In summary I’d recommend just about everyone to at least browse the index of this white paper to cross-check your view of SharePoint App. Life Cycle ‘Best Practice’.

For those of you wondering the subject line is a reference to Return of the Jedi when Vadar has his mask revealed and validates Luke’s assessment that there was good in him all along despite the dark/evil exterior.

You call him Doctor SharePoint.

April 18, 2010

This article explains just how much of the SharePoint API is accountable to unmanaged code. This also gives a good heads up the necessity of properly disposing of SharePoint objects.

I have to say this kind of article kind or excites and scares me. I definitely get the feeling that I’m reading the good stuff (arcane knowledge generated by people that really understand; but I also am staring straight at the face of a some concepts that I only barely understand (COM objects anyone) which is a little daunting.

I guess metaphorically it’s kind of like that movie ‘Indiana Jones and the Temple of Doom’ but I’m more like the shrill-screaming Blondie than the eponymous calm collected archaeologist. Still I guess she had her moments, and SharePoint continues to prove to be one hell of an adventure.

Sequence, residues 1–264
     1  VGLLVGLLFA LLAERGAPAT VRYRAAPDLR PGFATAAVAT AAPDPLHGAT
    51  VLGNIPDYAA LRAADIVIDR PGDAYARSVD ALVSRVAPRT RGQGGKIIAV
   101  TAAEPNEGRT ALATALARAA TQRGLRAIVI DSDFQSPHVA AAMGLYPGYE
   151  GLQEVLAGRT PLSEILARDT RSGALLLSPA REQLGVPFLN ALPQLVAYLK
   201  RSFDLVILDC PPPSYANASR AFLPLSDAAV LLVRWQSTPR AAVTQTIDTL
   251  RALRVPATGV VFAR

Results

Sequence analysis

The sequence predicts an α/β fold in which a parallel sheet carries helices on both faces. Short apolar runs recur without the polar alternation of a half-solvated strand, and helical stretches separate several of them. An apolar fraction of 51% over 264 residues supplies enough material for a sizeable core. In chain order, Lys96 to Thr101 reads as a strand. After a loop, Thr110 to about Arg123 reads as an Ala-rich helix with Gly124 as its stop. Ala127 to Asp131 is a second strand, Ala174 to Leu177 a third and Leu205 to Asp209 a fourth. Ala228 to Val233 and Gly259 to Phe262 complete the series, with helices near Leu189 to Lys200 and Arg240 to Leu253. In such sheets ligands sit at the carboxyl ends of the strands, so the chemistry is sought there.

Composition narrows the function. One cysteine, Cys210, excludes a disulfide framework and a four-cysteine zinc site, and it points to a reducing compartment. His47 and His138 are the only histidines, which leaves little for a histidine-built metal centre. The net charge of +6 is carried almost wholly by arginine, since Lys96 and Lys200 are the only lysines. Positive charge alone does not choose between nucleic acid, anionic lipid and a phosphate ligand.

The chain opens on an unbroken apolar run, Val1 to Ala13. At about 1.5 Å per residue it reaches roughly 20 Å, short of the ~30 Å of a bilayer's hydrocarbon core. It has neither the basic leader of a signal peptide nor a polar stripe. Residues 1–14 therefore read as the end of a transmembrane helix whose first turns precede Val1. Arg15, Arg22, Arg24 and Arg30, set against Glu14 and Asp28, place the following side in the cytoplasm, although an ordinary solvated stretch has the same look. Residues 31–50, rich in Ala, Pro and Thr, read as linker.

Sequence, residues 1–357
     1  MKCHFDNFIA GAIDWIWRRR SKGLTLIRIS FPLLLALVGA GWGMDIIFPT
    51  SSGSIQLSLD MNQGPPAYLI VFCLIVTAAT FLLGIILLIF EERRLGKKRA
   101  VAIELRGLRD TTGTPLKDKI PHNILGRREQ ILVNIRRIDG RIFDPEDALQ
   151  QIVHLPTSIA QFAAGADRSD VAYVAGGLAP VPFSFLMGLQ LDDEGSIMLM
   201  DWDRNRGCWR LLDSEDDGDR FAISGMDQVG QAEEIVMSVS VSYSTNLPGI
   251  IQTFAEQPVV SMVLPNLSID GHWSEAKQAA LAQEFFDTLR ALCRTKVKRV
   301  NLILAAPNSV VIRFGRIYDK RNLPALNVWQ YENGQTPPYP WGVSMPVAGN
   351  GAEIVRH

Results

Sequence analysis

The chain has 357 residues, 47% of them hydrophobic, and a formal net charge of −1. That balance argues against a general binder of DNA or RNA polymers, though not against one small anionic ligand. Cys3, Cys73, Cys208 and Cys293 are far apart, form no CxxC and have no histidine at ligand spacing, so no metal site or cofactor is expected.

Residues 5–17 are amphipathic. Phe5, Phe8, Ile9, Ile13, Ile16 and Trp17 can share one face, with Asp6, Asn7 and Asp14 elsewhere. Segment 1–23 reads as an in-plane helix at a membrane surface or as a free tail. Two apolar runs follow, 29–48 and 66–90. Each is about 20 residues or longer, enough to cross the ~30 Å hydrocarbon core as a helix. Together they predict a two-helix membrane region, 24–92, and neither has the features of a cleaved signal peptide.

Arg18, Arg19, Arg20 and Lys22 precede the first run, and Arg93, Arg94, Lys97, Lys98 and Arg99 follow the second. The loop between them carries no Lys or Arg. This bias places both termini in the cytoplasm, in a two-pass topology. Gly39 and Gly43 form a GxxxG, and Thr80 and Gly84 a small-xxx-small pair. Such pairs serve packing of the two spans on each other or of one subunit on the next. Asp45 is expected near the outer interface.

Fortune and glory kid, fortune and glory.

Accessing field data from ListItems

April 15, 2010

This guy has almost all the information you need.


i)   Check that the field exists
ii)  Check that the field value is not null
iii)  Happily use the value contained in the ListItem to your hearts content.

The linked article used the ‘ListItem.ContainsField’ to avoid some nasty exceptions that can crop up with missing fields.

Check for null values is my lame little value add that tripped me up and I thought it might help remind me (and others) to write it down here.